What New Jersey Employers Should Do Now

  • Be aware that any employment contracts or settlement agreements that contain now-prohibited provisions remain lawful and enforceable if they were entered into, modified, or renewed prior to March 18, 2019.
  • Review employment contracts and employment applications to determine whether they contain any provisions that might be construed as prospective waivers of rights or remedies. If so, consider revising such provisions, but, at the least, be aware that enforcement of such provisions may be subject to challenge.
  • Review the confidentiality provisions in template employment contracts and settlement agreements, and, if necessary, consider revising, eliminating, or narrowing the limitations on disclosure and/or adding the notice to the employee quoted above.
  • Be mindful that as of March 18, 2019, any settlement of a discrimination, retaliation, or harassment claim, under the LAD or otherwise, will potentially be subject to public disclosure regardless of an employee’s agreement to a confidentiality clause in the settlement agreement.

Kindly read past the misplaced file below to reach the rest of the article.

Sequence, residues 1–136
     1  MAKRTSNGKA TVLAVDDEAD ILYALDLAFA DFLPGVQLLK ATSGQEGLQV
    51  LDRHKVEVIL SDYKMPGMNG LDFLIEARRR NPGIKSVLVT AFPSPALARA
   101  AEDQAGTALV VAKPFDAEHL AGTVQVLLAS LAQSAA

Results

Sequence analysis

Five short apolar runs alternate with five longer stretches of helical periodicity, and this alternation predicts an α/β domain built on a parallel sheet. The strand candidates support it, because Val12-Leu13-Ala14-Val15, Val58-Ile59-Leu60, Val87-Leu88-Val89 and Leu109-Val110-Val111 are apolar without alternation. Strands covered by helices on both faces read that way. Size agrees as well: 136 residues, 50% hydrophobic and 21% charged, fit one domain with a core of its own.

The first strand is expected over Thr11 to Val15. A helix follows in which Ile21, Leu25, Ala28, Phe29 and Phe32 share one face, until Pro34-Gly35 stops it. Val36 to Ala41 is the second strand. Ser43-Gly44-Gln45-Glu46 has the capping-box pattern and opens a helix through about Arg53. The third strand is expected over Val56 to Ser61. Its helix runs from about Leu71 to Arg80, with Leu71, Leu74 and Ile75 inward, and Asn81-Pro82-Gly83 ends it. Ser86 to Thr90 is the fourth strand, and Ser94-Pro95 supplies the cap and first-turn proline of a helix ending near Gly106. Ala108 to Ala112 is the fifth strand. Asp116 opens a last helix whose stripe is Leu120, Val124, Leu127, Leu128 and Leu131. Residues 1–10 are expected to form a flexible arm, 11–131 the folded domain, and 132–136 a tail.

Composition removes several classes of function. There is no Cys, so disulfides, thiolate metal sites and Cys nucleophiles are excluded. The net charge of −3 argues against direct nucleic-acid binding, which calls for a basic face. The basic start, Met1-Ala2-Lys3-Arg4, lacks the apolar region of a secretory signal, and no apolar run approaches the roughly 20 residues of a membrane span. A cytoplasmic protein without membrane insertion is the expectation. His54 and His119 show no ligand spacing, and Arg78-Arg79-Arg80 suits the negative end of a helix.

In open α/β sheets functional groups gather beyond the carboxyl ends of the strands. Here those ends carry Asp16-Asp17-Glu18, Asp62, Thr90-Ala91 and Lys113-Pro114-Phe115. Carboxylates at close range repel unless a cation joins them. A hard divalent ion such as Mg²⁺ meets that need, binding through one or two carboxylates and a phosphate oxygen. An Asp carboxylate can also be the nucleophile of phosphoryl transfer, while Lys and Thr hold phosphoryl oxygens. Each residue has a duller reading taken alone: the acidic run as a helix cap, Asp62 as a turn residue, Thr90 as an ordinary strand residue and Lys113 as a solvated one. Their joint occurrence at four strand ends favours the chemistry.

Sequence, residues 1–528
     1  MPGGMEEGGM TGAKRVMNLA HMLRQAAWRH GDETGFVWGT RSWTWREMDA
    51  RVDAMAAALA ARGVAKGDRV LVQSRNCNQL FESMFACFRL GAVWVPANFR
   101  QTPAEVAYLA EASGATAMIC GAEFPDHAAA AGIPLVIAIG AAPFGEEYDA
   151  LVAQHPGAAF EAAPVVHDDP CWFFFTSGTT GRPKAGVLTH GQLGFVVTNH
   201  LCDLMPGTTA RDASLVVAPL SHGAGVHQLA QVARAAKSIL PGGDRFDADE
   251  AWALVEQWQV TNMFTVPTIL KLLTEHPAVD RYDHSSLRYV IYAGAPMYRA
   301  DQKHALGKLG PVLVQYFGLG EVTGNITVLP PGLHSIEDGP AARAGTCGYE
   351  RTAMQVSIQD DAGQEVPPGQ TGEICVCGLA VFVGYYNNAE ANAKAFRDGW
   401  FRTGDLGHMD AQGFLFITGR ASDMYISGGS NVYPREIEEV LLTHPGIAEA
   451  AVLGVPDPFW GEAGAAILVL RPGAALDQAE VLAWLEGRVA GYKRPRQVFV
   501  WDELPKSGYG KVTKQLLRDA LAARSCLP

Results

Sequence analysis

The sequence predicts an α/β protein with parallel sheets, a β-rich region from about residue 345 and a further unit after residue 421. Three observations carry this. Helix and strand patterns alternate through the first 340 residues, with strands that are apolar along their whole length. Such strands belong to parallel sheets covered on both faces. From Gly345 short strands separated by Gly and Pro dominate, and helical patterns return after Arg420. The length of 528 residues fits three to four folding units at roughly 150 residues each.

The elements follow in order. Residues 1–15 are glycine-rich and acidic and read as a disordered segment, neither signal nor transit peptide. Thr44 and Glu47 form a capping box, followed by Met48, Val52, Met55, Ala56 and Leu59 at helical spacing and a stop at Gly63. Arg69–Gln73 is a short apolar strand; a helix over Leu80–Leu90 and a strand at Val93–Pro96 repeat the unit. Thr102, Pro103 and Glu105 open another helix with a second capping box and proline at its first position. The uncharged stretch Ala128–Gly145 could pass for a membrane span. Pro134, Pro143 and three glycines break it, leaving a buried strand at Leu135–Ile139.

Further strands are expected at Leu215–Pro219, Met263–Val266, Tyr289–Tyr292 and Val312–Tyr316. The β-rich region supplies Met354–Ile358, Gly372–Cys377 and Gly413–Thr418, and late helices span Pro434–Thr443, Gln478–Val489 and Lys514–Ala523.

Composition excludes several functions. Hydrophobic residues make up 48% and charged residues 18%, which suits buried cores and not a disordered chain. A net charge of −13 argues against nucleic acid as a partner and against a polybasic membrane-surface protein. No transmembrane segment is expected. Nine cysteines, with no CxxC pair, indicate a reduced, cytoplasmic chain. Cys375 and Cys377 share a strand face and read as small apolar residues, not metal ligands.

• Due to the degree of uncertainty inherent in the Law, consult with counsel concerning any issues that require legal risk assessments.


For more information about this Advisory, please contact:

Maxine Neuhauser

Jeremy M. Brown

Denise Merna Dadika


[1] In addition to sex discrimination, the LAD prohibits discrimination, harassment, and retaliation on the basis of race, creed/religion, national origin, age, ancestry, nationality, marital, domestic partnership or civil union status, gender identity or expression, disability, military service, affectional or sexual orientation, atypical cellular or blood trait, and genetic information.